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Marble relief of the 4th century BC depicting Staphylus (l) with Athena (r)

Staphylus[pronunciation?] (Ancient Greek: Στάφυλος "grape cluster") is one of several personages of ancient Greek mythology, almost always associated with grapes or wine:

  • The son of wine-god Dionysus and Ariadne.[1][2] His brothers include Oenopion ("wine drinker"), Thoas, Peparethus, Phanus and Euanthes ("the richly blooming").[3] Both Staphylus and Phanus are counted among the Argonauts.[4][5] As one of Rhadamanthys' generals, he was the founder of the colony of Peparethos on the island of Skopelos in the Northern Sporades island chain.[6] Staphylus dwelt in Naxos and was married to Chrysothemis, by whom he had three daughters: Rhoeo, who was a lover to Apollo,[7] Parthenos, and Molpadia or Hemithea.[8] The latter became the mother of Basileus with Lyrcus, after Lyrcus had made a journey to the oracle at Didyma. Staphylus is said to have enticed Lyrcus into too much drinking of wine and then when his senses were dulled by drunkenness united him with Hemithea.[9]
  • The beloved of Dionysus, from the island of Thasos. It is thanks to Dionysus' love for him that Thasian wine is distinguished.[10]
  • In a reconstructed myth, the son of Bacchus and Erigone, where Bacchus assumed the form of a grape which Erigone ate. She immediately realized that she was with child and in time gave birth to a son whom she named Staphylus.[5][11]
  • The husband of Methe and father of Botrys. The family held court in their palace at Assyria. They received Dionysus as guest and held a banquet in his honor. Staphylus died a sudden death the next morning after the feast; to console his wife and son, Dionysus named grape bunches after Staphylus, drunkenness after Methe, and grapes after Botrys.[12][13]
  • Son of Oenomaus, who fought on Dionysus' side against Poseidon in the conflict of the two gods concerning Beroe.[14]
  • Son of Silenus, who introduced the practice of mixing wine with water.[15]
  • A goatherd of King Oeneus, who discovered wild grapes as he was pasturing the king's goats and saw one of them chewing on the plant. He presented it to Oeneus, who in his turn invented the way of making the grapes into a drink. When Dionysus visited Oeneus, the king served him the new drink. Dionysus suggested that the drink be named oinos (wine) after Oeneus, and the grapes staphyloi after the goatherd Staphylus.[16]

See also[edit]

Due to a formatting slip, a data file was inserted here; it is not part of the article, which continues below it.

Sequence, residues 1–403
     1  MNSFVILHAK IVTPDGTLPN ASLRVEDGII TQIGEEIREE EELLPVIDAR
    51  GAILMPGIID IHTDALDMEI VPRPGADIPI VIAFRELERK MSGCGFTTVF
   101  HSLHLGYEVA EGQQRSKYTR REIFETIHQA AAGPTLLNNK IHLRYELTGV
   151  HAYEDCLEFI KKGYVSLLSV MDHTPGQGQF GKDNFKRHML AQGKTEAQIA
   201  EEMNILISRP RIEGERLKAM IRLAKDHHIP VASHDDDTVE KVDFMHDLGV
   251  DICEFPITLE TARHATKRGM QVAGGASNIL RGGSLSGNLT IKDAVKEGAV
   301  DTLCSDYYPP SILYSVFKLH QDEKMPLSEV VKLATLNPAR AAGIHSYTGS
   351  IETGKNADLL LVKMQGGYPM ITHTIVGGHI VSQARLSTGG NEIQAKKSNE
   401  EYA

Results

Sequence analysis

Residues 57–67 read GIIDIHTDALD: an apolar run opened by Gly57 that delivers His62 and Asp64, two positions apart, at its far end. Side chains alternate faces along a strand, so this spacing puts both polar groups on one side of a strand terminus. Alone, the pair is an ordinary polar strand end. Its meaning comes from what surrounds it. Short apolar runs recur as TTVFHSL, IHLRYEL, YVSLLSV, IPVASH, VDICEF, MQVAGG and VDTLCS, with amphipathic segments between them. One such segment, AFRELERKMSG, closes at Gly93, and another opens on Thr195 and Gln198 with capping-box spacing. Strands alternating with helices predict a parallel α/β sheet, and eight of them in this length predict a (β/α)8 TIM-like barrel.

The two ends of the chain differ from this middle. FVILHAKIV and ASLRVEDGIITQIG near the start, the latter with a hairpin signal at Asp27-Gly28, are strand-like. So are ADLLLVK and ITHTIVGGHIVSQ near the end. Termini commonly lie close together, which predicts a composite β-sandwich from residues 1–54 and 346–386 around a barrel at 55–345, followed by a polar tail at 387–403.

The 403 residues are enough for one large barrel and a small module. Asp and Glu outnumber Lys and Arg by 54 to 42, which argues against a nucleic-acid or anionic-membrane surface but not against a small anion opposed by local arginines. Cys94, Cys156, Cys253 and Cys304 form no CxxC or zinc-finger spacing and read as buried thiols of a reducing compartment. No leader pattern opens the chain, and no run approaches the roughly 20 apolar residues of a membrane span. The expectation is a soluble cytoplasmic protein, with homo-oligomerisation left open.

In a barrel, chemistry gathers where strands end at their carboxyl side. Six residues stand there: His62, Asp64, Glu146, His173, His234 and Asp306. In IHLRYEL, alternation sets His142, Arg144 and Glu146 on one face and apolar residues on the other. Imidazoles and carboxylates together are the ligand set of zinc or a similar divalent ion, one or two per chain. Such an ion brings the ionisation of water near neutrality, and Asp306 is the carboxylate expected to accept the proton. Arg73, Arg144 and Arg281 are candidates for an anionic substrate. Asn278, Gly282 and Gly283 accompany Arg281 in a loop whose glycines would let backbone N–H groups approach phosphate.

1. ^ Bibliotheca, Epitome of Book 4, 1. 9
  2. ^ Scholia on Apollonius Rhodius, Argonautica, 3. 997
  3. ^ Hermann Steuding; Karl Pomeroy Harrington; Herbert Cushing Tolman (1897). Greek and Roman Mythology. Original from Harvard University: Leach, Shewell, and Sanborn. pp. 68, 69 (item 92). 
  4. ^ Bibliotheca, 1. 9. 16
  5. ^ a b McClintock, John (1889). Cyclopaedia of Biblical, Theological, and Ecclesiastical Literature. Harper & brothers. p. 989. 
  6. ^ Diodorus Siculus, Library of History, 5. 79. 2
  7. ^ Müller, Karl Otfried Müller (1844). Introduction to a Scientific System of Mythology (Translated by John Leitch). Original from the University of Michigan: Longman, Brown, Green, and Longmans. p. 341. 
  8. ^ Diodorus Siculus, Library of History, 5. 62. 3
  9. ^ Parthenius, Love Romances, 1; Longus, John Maxwell Edmonds (contributor), Parthenius, (Translated by George Thornley and Stephen Gaselee) (1916). "Daphnis & Chloe" and (dual books under one cover) "The Love Romances Of Parthenius And Other Fragments". Original from Harvard University: G.P. Putnam's Sons. pp. 259–263. 
  10. ^ Suda, Ε 1276 s. v. Enekheis: "Stafulos o eromenos Dionusou"
  11. ^ Realencyclopädie der Classischen Altertumswissenschaft, Band IIIA, Halbband 6, Sparta-Stluppi (1929), ss. 2147-2148 (remarking that the actual primary sources never suggested that Dionysus and Erigone had a child together)
  12. ^ Nonnus, Dionysiaca, 18–19. 59
  13. ^ Morgan, Thomas (1886). Romano-British Mosaic Pavements: A History of Their Discovery and... Original from the University of Michigan: Pavements, Mosaic. pp. 18 and 19. 
  14. ^ Nonnus, Dionysiaca, 43. 60
  15. ^ Pliny the Elder, Naturalis Historia, 7. 56 (57)
  16. ^ Probus on Virgil's Georgics 1. 9